ECOMB 2019: Eurasian Congress on Molecular Biotechnology, Trabzon, Turkey, 19 - 21 September 2019, pp.163-171
Integrated Multi-organism Genome Scale Metabolic Modeling of Microbial Community of P.aeruginosa and M.barkeri
Muhammed Erkan Karabekmez1,*
1 Istanbul Medeniyet University, Faculty of Engineering and Natural Sciences, Department of Bioengineering, Istanbul, Turkey
Abstract: Composition of a microbial community in a bioreactor for bioremediation is crucial for the expected treatment. The most of the conventional studies in environmental biotechnology characterize the composition after attaining desired effect from the bioreactor. However, by integrating individual genome-scale metabolic models of potential microorganisms microbial communities can be modeled and effect of changes in ambient conditions can be simulated in more detail. Despite its high potential, use of the approach is still in its infancy in the field of environmental biotechnology. Here in this study we have integrated well characterized genome scale metabolic models of P.aeroginosa, whose denitrification capability is crucial for drinking water treatment, and M.barkeri which can produce methane. Integrated model of microbial community had simulated conditional competition and conditional syntrophy between the models. Default model of the P.aeroginosa utilizes glucose via respiration in aerobic environment and via fermentation in anoxic conditions. M.barkeri is known to be strict anaerobe and can utilize methanol, acetate and various other carbon sources. Carbon sources for the two organisms are set differently that’s why their competition is only on nitrogen and phosphate in nitrogen and phosphate limiting conditions. In the presence of excess nitrogen phosphate P.aeroginosa can utilize fumarate and ethanol to produce acetate which feeds M.barkeri and their relationship turns to a mutualistic form. P.aeroginosa has a more aggressive growth pattern compare to M.barkeri resulting of its domination in the competitive environment.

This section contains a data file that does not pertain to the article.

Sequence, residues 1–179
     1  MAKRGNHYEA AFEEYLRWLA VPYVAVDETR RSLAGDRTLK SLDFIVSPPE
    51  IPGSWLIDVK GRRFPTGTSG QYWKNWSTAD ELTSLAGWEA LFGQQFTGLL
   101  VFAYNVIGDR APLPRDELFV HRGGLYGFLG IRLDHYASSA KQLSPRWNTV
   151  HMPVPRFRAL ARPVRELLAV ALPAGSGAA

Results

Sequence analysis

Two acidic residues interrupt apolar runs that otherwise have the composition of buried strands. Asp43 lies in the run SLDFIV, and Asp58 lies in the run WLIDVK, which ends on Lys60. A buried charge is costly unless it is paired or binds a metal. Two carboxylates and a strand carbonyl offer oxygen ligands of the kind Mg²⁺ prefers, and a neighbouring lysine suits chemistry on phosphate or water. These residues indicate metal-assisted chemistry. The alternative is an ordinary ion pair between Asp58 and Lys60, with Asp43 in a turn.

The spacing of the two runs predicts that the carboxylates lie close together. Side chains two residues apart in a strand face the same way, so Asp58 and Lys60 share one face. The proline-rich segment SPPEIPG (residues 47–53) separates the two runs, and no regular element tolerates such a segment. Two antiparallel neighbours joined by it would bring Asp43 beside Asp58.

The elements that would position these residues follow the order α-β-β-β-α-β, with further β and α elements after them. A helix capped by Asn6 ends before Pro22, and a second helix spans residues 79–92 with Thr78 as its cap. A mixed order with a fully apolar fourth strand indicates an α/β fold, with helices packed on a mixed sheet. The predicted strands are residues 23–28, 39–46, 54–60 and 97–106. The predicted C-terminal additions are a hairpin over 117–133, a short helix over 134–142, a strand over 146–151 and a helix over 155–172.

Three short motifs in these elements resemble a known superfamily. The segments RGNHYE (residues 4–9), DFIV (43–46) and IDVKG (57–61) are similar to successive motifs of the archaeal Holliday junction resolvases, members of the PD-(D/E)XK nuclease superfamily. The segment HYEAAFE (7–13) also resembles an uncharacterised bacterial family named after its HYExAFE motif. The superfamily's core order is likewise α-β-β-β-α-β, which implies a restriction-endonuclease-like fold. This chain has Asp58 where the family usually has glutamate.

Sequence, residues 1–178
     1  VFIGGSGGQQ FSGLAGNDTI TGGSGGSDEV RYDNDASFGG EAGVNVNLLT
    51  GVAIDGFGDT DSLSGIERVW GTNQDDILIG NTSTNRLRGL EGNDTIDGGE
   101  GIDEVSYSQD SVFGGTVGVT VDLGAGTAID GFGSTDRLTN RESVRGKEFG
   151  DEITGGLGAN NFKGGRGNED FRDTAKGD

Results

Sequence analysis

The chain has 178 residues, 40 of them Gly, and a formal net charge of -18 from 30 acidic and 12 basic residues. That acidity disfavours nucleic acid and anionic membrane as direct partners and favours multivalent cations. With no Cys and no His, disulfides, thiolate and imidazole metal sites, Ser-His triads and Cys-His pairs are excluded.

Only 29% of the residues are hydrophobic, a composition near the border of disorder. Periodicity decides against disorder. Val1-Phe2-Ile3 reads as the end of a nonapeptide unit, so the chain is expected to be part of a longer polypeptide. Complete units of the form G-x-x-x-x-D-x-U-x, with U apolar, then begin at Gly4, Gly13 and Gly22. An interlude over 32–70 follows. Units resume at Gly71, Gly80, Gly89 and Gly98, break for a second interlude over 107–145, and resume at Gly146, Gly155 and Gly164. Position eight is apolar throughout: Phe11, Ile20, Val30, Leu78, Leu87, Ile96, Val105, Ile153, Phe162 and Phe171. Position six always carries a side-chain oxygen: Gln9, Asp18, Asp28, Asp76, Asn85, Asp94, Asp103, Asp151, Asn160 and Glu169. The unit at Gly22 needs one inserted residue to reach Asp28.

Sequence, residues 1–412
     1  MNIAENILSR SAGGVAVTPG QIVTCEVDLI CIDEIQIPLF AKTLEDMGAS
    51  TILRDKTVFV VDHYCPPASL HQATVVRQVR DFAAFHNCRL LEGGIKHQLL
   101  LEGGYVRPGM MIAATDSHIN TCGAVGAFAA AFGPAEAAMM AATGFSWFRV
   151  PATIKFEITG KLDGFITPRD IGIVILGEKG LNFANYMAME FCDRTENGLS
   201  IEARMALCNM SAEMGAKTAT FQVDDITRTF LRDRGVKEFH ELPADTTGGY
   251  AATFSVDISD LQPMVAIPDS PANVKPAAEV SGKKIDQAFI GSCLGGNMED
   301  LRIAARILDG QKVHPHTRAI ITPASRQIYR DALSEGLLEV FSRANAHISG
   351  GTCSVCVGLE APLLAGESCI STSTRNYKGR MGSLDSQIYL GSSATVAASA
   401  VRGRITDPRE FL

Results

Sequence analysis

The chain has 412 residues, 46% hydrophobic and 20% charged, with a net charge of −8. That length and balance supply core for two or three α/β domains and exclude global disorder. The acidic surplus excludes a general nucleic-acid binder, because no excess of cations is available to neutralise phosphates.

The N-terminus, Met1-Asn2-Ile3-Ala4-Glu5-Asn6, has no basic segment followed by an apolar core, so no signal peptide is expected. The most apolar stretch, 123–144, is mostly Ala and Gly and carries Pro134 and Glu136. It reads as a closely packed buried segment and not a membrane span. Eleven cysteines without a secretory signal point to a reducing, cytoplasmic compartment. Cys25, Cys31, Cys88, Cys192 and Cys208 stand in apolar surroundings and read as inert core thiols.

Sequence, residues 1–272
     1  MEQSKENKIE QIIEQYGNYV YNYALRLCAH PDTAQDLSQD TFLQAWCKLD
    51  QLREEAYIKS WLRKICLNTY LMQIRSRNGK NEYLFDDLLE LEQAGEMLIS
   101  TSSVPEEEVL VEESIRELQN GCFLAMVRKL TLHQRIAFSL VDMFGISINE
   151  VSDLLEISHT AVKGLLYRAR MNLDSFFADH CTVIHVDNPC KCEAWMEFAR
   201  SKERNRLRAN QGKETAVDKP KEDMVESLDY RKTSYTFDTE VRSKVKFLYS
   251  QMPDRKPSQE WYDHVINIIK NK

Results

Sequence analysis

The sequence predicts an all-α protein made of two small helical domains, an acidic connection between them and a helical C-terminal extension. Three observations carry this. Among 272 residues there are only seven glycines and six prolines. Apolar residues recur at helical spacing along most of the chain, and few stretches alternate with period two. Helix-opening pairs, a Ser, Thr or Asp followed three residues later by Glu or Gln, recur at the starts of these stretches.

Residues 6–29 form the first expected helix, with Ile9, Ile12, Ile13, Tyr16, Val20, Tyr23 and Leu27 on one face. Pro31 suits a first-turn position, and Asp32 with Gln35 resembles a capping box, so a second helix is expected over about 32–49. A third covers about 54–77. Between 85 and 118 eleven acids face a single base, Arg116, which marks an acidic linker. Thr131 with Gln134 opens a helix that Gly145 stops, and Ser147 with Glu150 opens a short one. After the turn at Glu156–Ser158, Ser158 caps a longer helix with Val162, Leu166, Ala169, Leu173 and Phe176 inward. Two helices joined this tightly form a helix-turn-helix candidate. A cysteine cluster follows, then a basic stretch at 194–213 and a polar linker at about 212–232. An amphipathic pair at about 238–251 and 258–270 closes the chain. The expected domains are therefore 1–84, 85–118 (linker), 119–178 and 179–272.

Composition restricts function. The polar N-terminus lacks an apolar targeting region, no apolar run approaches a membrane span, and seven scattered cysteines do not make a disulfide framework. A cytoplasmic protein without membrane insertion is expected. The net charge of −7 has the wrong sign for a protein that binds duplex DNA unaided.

Key words: Genome-scale metabolic networks, environmental biotechnology, computational biology